A Brief History of Broadcast
Since the turn of the century, and more precisely, since the 1950's, humanity has surrounded itself with artificial electric and magnetic fields as a result of the increasing use of electricity as an indispensable part of every day life. A short history of EM radiation usage would be very difficult to draw, however it has been around 90 years since public radio transmissions began and 60 years since radar was first used. Today, it is believed that our exposure is 200 million times greater than in the beginning of the century.
Once we understand the whole REP process, and take into consideration the global temperature anomalies, weather events, ocean oscillations and the rise of our broadcasting technology, we can look back into history and see a hidden story unfold in the physics of the atmosphere. To have a clear grasp there are many important concepts to keep in mind.
The effects of our historic broadcast on the atmosphere and the global temperature can be broken down into five time periods and four processes.
1909 The first regular broadcast over the airwaves.
1917 – 1919 WWI brought about government regulation and nearly all AM
broadcast ventures and equipment were halted and confiscated.
1919 – 1925 Broadcast Boom can be seen in the global temperature anomalies
graph as the REP process caused ozone depletion.
1946/47 The end of WWII brought about the largest shift in man made radio
wave propagation through the ionosphere between the US and the UK
1970’s The rise of FM and many other networks from satellite to cellular
cause an increase in electron density that allows the EEP-NOx ozone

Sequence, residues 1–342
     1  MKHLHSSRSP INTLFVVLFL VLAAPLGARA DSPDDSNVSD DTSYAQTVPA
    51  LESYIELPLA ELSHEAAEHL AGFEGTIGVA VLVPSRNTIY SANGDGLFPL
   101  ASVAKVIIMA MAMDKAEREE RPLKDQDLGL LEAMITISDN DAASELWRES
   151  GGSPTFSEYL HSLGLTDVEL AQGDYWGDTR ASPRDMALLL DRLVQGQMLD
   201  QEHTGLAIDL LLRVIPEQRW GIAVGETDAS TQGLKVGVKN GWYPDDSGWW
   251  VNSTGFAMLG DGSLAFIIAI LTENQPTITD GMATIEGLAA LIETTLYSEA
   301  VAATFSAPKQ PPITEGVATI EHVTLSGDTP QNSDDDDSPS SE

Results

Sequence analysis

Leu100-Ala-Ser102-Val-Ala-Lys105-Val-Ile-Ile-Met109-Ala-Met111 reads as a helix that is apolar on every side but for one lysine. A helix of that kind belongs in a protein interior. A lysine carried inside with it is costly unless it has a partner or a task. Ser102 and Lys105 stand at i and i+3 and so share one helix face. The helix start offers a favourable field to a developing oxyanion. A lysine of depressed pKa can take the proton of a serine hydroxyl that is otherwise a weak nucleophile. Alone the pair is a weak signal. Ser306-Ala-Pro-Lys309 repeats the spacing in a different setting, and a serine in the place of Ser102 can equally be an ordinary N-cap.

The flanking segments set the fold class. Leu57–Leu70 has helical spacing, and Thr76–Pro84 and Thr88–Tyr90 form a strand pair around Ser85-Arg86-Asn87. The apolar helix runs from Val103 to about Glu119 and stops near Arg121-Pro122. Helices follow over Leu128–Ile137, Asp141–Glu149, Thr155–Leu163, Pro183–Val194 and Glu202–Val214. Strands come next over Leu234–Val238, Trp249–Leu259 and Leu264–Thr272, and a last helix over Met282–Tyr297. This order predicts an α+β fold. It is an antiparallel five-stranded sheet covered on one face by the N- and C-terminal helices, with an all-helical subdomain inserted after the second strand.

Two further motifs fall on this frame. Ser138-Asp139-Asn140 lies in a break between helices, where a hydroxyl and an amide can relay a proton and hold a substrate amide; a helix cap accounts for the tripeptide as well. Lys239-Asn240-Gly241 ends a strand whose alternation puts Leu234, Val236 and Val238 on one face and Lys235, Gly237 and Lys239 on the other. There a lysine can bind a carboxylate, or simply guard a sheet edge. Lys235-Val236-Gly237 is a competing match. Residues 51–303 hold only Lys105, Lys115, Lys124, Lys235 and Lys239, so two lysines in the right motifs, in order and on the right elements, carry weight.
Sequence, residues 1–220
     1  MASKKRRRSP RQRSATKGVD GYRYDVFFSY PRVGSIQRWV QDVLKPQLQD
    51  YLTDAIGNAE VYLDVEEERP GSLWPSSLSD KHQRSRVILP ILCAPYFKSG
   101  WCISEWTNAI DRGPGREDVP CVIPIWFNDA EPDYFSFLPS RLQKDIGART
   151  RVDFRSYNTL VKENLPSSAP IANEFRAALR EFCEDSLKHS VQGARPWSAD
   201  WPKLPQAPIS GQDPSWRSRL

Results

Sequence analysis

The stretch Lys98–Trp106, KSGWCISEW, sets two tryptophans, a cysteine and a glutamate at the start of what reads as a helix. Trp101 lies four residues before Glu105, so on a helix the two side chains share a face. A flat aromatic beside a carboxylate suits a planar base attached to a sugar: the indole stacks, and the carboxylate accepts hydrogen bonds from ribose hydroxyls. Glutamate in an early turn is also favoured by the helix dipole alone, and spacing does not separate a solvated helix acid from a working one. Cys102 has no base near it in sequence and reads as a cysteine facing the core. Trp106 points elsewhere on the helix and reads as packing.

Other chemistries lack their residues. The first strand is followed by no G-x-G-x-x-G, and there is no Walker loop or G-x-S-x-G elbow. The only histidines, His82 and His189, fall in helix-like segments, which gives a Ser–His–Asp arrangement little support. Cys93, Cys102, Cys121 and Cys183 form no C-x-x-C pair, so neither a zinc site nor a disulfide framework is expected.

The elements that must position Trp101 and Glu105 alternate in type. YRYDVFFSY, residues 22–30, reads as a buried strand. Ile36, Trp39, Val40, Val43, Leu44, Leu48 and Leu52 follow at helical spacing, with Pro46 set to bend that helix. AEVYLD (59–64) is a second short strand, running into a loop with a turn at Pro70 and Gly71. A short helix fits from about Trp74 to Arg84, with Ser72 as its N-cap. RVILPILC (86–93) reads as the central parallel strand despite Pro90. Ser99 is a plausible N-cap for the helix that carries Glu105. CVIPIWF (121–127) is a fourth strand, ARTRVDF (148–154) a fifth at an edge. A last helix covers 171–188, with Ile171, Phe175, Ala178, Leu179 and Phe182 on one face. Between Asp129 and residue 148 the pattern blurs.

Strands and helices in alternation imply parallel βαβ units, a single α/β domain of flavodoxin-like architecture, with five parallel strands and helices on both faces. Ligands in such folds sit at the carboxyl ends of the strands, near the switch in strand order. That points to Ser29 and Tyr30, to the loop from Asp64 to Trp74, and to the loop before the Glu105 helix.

depletion process to occur.
1.A rise in AM broadcast causes electron precipitation that leads to ozone depletion which causes the global temperature to rise through increased water vapor via the greenhouse effect. 2.The few times in history this process has been hindered can be seen in the global anomalies graph as a drop in temperature or flat spots that maintain on the 5 year mean. 3.Television causes a suppression of ozone depletion and the REP process and can be seen in the global temperature anomalies graph, as the temperature falls. This causes the water vapor to condense, and can be seen as peaks in historic weather events and ocean oscillations. 4.As FM overtook AM in the 1970’s it filled the gap between the E and F layers of the ionosphere and created a conductive bridge for the cyclotron energy to continue ozone depletion through the REP process.
It is important to understand a little about the history of the broadcast industry to understand its chronological effects on the atmosphere. As we can see through the previous sections of Broadcast Theory, the AM stations that broadcast in the gyrofrequency range (630kHz ~ 1630kHz) excite and create plasma waves in the ionosphere leading to electron precipitation (the REP process). This leads to ozone depletion which causes the global temperature to rise through increased water vapor via the greenhouse effect. In 1909 when broadcasting first began it is hard to say that one AM broadcast station could have had much of an impact on the atmosphere. But there are a few considerations to take into account, such as the antennae design and the power necessary to transmit a receivable signal to early receivers that were of a crude design.
"The top load wire can increase radiated power by 2 to 4 times (3 to 6 dB) for a given base current." https://en.wikipedia.org/wiki/T-antenna
"ERP is equal to the input power to the antenna multiplied by the gain of the antenna." https://en.wikipedia.org/wiki/Effective_radiated_power
The first experimental antenna designs were large and complex using a ‘flattop’ antenna design, which propagates skywave far better (x2 ~ 4) than the ‘vertical’ antennas that we developed later in the 30’s. Early skywave caused radio signals to bounce back from the sky and creating a great deal of interference like heterodyne tones that magnify the effects of interference 10 times and upset broadcasters. The HAARP scientific transmitter in Alaska uses a flattop antenna design for its effectiveness in ionosphere frequency pumping and experimental excitation of plasma wave phenomena such as those seen in the REP process.